Given today’s higher interest rates, how should you think about paying off debt?

Just a few years ago savvy investors took out debt or refinanced higher interest loans to take advantage of the record low interest rates. They’d then invest their savings in an effort to earn a higher return on their investments than their debt would cost them in interest. Taking advantage of this “hurdle rate” was an easy decision. Today, the decision to put cash toward paying off debt or investing isn’t as clear.

In their continued efforts to try to head off inflation, on March 22 the Federal Reserve announced its second rate hike of 2023 – increasing the Fed Funds rate by a quarter of a percentage point (0.25%). A change in the Fed Funds rate affects the rates consumers pay for financial products like mortgages, car loans, and credit cards, and earn on CDs and other savings vehicles.

Prior to 2022, 30-year mortgage rates were averaging 2-3%. Today 30-year mortgage rates are averaging around 6.5%.

According to Experian’s State of the Auto Finance Market report, in the fourth quarter 2021 the average car loan interest rate was 3.86% for new cars and 8.21% for used cars. Today, the average car loan interest rate is 6.07% for new cars and 10.26% for used cars.

Clearly, the days of accessing cheap money are over. So,

Given today’s higher interest rates how should you think about paying off debt?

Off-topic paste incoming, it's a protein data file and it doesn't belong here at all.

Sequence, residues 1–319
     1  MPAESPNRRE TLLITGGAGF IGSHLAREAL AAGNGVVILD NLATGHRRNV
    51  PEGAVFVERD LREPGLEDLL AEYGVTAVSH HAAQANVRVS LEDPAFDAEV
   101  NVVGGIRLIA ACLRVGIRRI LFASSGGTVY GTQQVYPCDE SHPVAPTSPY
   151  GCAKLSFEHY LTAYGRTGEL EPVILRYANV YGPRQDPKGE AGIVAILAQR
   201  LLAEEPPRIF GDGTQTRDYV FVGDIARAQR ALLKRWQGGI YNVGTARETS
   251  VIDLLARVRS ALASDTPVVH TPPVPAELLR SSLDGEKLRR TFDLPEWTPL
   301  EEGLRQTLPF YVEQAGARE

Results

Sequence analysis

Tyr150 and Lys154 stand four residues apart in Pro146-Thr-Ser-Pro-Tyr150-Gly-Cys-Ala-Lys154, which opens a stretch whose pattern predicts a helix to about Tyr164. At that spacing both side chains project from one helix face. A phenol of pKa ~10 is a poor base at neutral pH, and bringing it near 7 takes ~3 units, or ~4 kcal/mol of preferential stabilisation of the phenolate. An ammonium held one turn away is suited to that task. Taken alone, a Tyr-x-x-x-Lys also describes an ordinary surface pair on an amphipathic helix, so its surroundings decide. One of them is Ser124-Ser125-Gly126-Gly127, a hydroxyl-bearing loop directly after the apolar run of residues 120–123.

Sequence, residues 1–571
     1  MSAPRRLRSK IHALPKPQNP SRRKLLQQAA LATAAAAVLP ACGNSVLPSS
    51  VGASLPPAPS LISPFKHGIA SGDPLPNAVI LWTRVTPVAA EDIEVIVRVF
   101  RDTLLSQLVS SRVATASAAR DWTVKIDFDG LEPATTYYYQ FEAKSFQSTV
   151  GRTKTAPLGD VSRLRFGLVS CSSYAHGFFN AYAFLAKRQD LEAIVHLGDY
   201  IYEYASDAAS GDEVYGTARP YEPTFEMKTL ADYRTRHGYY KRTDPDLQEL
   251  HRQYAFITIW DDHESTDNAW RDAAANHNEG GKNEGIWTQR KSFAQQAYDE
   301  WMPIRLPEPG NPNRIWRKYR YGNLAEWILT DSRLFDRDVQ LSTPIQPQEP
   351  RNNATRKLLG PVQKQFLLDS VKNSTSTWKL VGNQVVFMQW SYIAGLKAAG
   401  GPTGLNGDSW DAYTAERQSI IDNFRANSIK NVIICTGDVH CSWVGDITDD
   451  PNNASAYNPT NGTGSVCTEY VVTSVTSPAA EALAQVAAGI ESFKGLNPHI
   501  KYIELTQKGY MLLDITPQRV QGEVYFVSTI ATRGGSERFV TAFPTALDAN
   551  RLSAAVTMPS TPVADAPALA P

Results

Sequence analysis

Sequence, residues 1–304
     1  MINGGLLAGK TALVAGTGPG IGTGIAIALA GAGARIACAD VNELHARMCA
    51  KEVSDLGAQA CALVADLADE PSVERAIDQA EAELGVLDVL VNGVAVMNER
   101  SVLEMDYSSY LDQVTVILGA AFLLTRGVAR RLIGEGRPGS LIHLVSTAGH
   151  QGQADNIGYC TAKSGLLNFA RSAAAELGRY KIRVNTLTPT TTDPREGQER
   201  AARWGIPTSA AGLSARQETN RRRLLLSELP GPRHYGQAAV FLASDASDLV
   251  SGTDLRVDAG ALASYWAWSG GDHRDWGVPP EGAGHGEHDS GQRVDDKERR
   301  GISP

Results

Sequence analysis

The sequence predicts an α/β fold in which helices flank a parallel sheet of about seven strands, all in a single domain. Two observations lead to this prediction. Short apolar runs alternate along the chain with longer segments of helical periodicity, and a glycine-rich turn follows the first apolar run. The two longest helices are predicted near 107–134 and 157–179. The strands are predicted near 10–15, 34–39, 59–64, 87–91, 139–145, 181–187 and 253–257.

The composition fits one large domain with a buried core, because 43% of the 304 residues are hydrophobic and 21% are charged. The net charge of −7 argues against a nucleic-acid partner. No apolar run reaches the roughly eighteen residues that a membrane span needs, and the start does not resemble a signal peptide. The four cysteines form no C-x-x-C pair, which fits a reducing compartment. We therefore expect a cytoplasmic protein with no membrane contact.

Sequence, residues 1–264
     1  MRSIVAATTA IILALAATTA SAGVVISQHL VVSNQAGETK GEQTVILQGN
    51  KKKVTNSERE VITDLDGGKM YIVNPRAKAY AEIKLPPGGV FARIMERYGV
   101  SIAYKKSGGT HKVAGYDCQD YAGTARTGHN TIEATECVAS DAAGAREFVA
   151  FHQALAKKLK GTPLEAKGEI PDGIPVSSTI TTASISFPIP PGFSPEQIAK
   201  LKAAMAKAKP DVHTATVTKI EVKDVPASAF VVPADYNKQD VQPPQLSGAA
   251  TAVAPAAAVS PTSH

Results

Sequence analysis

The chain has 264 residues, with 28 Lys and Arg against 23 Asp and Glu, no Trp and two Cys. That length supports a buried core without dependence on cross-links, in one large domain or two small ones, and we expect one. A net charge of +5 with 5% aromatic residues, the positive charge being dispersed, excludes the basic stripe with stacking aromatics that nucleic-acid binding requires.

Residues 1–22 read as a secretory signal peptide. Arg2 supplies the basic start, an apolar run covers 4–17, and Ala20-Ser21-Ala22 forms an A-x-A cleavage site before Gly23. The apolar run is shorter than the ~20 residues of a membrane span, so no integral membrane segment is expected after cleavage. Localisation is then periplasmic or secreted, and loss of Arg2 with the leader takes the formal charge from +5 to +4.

Listen in as we answer this question in our monthly market update.


Each month on our Wealthy Behavior podcast Heritage Financial CEO, Sammy Azzouz, and CIO, Bob Weisse, discuss what’s going on in the investment universe and markets right now. Click here to listen to the full March Market Update episode where they also covered:

  • Reasons behind February’s market swoon.
  • Bob’s investment outlook – What he’s optimistic, and pessimistic, about today.
  • What causes inflation? Debt? Money supply? They debate different theories on inflation and how to get it under control.
  • An explanation of common public market investment strategies and vehicles – Pros and cons of ETFs vs. Direct Indexing vs. Mutual Funds.

Two new Wealthy Behavior episodes are released each month. Listen and subscribe to stay on top of the latest financial trends.

Wealthy Behavior is available on Spotify, Apple Podcasts, Google Podcasts, and Android.

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